Absurdism basically recognizes that man is or feels essentially alone in a confusing universe that appears to be devoid of meaning. The absurd condition is not an inherent property of the universe, nor is it a property of man, but rather it arises seemingly naturally from man’s existence within the universe. The absurd is what arises when man tries to find objective meaning and comes up with nothing. Camus writes that there are two ways of escaping this: hope, and suicide.

But neither is necessary! He says instead embrace the absurd, be comfortable with “those waterless deserts where thought reaches its confines.” Many try their best to escape, or to quit their lives and end the confusion, but Camus writes that “[t]he real effort is to stay there, rather, in so far as that is possible, and to examine closely the odd vegetation of those distant regions.” I just love his writing. If I knew French, I would read it in French.

Odd Vegetation

After beginning again The Myth of Sisyphus I was plunged back into awareness of the absurd and I reveled in it. I forgot what it felt like to be free. My entire crisis of faith revolved around my trying to escape the desert, but what I really needed to do was embrace it.

Do I believe in God? No. I am aware of God and I know that God exists in some form. But God is neither an escape nor a diversion for me. My particular spirituality, which I feel I will need to explain soon, is based on nothing but my personal experience. It works because it works for me. It does not help me escape absurdity because that is not my goal, but it does help me make the most of my life. Spirituality is important for me, but I’m happy to remember the absurd and the place that it has for my personal philosophy. I am happy to remember it, happy to stop clawing for hope and escape.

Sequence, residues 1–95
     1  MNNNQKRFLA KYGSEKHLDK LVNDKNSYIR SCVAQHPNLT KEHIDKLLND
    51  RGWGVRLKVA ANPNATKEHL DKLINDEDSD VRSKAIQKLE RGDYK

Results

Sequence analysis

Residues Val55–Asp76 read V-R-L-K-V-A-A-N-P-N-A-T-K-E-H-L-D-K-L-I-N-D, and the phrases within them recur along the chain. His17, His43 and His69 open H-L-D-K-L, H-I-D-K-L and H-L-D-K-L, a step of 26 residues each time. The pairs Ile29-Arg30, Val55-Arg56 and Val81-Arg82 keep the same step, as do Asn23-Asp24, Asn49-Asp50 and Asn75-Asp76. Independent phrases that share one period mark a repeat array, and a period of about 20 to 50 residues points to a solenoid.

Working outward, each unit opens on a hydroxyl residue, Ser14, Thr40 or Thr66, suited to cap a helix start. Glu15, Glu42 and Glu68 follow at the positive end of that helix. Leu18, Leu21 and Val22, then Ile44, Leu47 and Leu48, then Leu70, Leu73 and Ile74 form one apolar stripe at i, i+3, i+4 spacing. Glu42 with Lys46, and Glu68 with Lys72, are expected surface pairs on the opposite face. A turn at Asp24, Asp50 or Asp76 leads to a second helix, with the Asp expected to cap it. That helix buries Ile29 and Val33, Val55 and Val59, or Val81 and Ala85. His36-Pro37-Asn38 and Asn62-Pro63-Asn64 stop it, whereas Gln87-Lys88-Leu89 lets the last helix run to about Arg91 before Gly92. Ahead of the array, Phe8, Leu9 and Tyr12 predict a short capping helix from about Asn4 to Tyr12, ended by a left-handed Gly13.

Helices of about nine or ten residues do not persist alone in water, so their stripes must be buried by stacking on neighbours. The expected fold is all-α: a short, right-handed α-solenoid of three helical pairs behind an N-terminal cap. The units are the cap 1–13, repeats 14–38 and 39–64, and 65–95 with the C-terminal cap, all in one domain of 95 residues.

I am happy to bask in the desert.

Genesis 7

I feel like this is a chapter that I don’t need to talk a great deal about. I’m sure the Matthew Henry Commentary (who is that guy, anyway?) has plenty to say that has much more Biblical pertinence than my ramblings here. But regardless, here we have the beginning of the flood.

I read somewhere that the number “forty” was often used to simply mean “a big number.” This could possibly be the case. God tells Noah in Genesis 7:4 that He “will cause it to rain on the earth forty days and forty nights.”

Either way, that is a long time. So on whatever the ancient equivalent of February 17th was, “all the fountains of the great deep were broken up, and the windows of heaven were opened” (Genesis 7:11). This seems to correspond to the old Hebrew mythology I read about yesterday that describes the Earth floating in the midst of waters both above and below. Because in the real world… where would all this water come from? Where would it go afterwards? On the other hand, I think some scientific something-or-other just found a bunch of water trapped underground somehow. Or maybe that was oil. If I find what I’m thinking of I’ll come back and post a link.

But seriously. The Bible says that “all the high hills under the whole heaven were covered” (Genesis 7:19). Even Everest? Because that is a s***load of water.

Genesis 7 ends with Gen 7:24, where the Bible tells us that “the waters prevailed on the earth one hundred and fifty days.”

I always heard the bit about the forty days and nights of rain, but I didn’t realize it was literally five months at sea. Noah gives Kevin Costner a run for his money.

Why the neck flaps?

“You son of a bitch! Let me out of this movie!” ¹

So God destroys all of man (and possibly those pesky giants) and “all living things which were on the face of the ground” (Genesis 7:23). Fun times!

I still think the Noah story is an important story but that it is mostly based on myth and speculation likely stemming from the fact that ancient peoples could see that at one point there had been water-dwelling creatures where there is now land. There may very well be some basis in fact, perhaps related to a filling of the Persian Gulf after the last ice age, but at this point it seems impossible to tell.